There’s a good Samaritan that’s been bringing up my mail and files for my regular courtroom, but I don’t know who that is. All I know is that my regular court’s mailbin was filled to the brim but I didn’t have time to do anything about it, and one day when I had a minute or two, I went to the mail section and my bin was empty. Coming to my courtroom, I saw that things had already been distributed. I don’t even know who to thank.

Impending layoffs are looming ahead, and with them, involuntary transfers from those of us left to other buildings in the County. I hope we don’t lose the good people. 🙁

I had looked for this gem awhile before finally giving up. The other day, I happened upon it by total chance. This is an email exchange.

From a building supervisor:

>>> Myrna 4/9/2008 2:54 pm >>>
April 22, 2008 is “TAKE OUR DAUGHTERS AND SON’S TO WORK DAY”. I will be
coordinating that day’s events. If you are interested in bringing a child
that day you must fill out the attached enrollment form (one for each child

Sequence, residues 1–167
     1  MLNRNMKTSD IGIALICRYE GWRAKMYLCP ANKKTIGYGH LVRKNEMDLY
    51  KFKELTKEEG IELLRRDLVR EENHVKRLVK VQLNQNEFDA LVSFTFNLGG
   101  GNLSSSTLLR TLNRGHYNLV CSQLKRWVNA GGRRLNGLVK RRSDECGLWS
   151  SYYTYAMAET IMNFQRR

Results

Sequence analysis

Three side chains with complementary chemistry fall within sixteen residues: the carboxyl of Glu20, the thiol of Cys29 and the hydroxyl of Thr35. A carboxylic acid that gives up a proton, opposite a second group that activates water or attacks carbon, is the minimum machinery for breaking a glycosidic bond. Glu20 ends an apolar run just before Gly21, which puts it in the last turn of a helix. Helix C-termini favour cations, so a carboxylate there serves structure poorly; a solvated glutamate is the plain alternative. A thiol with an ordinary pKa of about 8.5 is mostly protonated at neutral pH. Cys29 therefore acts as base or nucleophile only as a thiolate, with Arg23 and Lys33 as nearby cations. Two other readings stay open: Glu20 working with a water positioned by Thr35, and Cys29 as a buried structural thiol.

you will be bringing) and turn it in to me no later than Thursday, April 17,
2008. Please read the attached memo, as it gives information regarding
the ages of the children that may participate.

The fee this year per child will be $4.00. The $4.00 fee includes morning
and afternoon snacks and drinks for each child participating. It will be up
to each sponsor to provide lunch for the child or children they will be
bringing. Lunch will be on your own between the hours of 12 p.m. to 1:30

The children will be in a supervised environment during the hours of 8:00
a.m. to 12:00 p.m., after which they will be released to you. You will need
to check with your individual department manager/supervisor to make
arrangements to have your child/ren stay with you the remainder of the day.

Please share this information with staff that this e-mail may not have
reached. Should you have any questions, please feel free to contact me via

Thank You,